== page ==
No Country for Old Men (2007)– 5/5 stars

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No Country for Old Men is a shining example of a film with endless promise, with execution that delivers, dramatic tension, and philosophical resolves – my god, I can’t recommend this movie more. Every aspect of this film–the cinematography, sound, acting, the list continues–is a standout in the industry and worthy of the accolades it has received. It was directed by the Coen brothers and starred Javier Bardem, Tommy Lee Jones, and Josh Brolin. No Country for Old Men was released on November 9th, 2007.

There is a broad appeal to audiences.

The central theme can be interpreted as one of fate and the unpredictable nature of your own. Protagonist Llewelyn (Brolin) is so easily identifiable that it makes the plot feels personal. A riveting performance from Javier Bardem; playing a character who could be perceived as symbolizing death, has every moment with him on-screen as genuinely terrifying–I greatly respect the man’s ability in his craft. The dialogue presented is no small feat, these actors are interpreting deep philosophical notions and to feel so transparent is phenomenal. This film’s entire cast delivers–all are truly on par with one another and it makes it that much more compelling to watch.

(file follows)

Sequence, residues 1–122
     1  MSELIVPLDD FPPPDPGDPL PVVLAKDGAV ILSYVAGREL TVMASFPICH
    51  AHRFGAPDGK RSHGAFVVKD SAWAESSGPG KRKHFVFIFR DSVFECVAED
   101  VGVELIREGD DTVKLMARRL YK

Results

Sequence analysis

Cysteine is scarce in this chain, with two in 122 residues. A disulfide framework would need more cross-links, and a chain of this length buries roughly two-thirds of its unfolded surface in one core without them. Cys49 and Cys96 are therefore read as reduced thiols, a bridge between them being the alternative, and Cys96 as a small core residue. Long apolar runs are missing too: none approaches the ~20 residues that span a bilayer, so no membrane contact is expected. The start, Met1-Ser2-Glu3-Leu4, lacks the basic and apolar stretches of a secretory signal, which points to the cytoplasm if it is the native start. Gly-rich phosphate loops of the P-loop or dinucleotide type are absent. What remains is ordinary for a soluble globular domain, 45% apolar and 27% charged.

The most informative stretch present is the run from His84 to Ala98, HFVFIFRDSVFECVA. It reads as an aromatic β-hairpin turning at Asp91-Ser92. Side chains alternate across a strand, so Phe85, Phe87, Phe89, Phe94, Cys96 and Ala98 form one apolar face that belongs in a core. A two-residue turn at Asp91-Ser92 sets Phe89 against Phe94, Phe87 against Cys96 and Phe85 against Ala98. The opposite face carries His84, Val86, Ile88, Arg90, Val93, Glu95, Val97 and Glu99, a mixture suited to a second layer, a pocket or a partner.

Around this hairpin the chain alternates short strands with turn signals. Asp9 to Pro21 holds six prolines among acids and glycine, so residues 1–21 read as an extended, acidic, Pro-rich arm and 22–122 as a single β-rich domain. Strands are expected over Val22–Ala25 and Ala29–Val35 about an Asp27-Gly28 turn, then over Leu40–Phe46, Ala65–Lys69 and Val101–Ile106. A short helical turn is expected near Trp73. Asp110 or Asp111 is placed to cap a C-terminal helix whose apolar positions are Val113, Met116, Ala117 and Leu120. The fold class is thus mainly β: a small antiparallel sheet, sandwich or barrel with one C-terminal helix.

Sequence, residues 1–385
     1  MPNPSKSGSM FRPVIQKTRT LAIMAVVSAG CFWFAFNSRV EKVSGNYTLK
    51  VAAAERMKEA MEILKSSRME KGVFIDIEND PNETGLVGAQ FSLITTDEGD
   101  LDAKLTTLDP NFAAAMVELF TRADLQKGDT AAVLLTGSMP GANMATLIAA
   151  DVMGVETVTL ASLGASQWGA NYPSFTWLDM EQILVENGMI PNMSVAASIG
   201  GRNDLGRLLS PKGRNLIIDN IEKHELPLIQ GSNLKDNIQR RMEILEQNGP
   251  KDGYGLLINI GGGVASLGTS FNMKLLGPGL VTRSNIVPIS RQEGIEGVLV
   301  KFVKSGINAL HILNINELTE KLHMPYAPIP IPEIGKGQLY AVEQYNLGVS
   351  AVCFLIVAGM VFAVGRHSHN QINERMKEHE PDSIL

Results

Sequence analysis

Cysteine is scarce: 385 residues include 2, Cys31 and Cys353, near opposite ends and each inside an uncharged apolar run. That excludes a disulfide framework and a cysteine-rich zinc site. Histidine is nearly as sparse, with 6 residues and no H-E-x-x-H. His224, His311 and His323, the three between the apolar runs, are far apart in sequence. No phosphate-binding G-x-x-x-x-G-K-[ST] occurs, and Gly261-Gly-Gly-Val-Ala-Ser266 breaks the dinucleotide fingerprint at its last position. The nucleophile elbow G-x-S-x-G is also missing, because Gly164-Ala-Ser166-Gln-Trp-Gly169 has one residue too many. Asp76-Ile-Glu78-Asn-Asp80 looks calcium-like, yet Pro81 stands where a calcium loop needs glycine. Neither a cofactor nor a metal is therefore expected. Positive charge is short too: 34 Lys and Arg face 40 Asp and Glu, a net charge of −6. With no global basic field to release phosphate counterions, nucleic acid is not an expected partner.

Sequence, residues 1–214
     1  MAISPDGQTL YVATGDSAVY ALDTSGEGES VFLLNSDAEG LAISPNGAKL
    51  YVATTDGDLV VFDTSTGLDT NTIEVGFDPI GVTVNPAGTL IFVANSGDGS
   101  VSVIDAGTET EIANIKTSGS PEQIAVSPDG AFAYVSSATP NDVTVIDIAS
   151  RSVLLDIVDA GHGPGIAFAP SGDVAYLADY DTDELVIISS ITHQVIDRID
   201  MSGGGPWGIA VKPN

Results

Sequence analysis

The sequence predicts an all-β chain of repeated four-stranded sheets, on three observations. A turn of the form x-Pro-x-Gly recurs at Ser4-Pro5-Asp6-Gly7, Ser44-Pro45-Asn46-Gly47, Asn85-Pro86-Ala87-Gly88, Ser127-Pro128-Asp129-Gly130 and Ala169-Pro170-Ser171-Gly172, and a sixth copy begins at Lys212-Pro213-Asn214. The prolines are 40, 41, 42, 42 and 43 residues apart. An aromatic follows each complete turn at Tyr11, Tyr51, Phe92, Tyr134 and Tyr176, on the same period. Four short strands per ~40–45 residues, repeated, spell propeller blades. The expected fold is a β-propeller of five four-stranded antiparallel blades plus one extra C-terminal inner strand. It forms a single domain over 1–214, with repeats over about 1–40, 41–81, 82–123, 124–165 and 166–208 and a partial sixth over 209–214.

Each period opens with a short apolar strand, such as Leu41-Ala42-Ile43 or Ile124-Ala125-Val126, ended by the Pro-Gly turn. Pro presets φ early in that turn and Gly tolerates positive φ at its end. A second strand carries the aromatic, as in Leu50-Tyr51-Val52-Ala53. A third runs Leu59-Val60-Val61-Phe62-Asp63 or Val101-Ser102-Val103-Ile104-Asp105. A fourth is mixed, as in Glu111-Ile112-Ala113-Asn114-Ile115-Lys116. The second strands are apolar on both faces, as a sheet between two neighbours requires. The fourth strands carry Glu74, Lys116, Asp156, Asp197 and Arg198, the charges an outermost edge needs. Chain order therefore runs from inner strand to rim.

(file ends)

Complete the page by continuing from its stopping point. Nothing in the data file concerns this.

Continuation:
The camera seemed to have a voice of its own. Long meditative pan shots linger over grand desert landscapes of Texas adding to the solitary experience – the camera is like an extension of your own thought process. Lighting is intuitive showing exactly what the directors want–the entire film felt controlled. The diversity of color throughout is impeccable, there is such variety from scene to scene it would be a treat to watch the movie even without sound.

The sound! The minimalist approach to the sound was completely immersive into the world that was created. The film invents thoughtful moments with few noises or distractions in a way that greatly compliments the meditative camera works. At times I felt like I was on top of a mountain after a day’s hike, peaceful, calm, and a mere observer of the happenings beneath me.

There are just awesome moments happening in this film, when compared to contemporaries in the genre, it is rare to find another movie that handles its themes as delicately as No Country for Old Men. Many times I was lost in my seat pondering the unpredictable nature of life and comparing my decisions and actions to that of my ancestors. I don’t have an answer: Do things happen for a reason? Or do we always have a choice? Both cases are so greatly made in this film and the beauty lies in the non-answer of ambiguity in the conclusion.

No Country for Old Men is rich and dense, any scene can be pondered or analyzed. The work put in is clear and entirely pays off, No Country for Old Men is without a doubt one of the best films of 2007 and is simply an awe-inspiring view.

 

Written by ZACH MORRISSEY

 

What the Other Guys Thought…

AUSTIN– 5/5 stars

This is a perfect film. The pacing, the visuals, the depth, the acting–all outstanding. The Coen Bros. have crafted one of the best movies of the decade.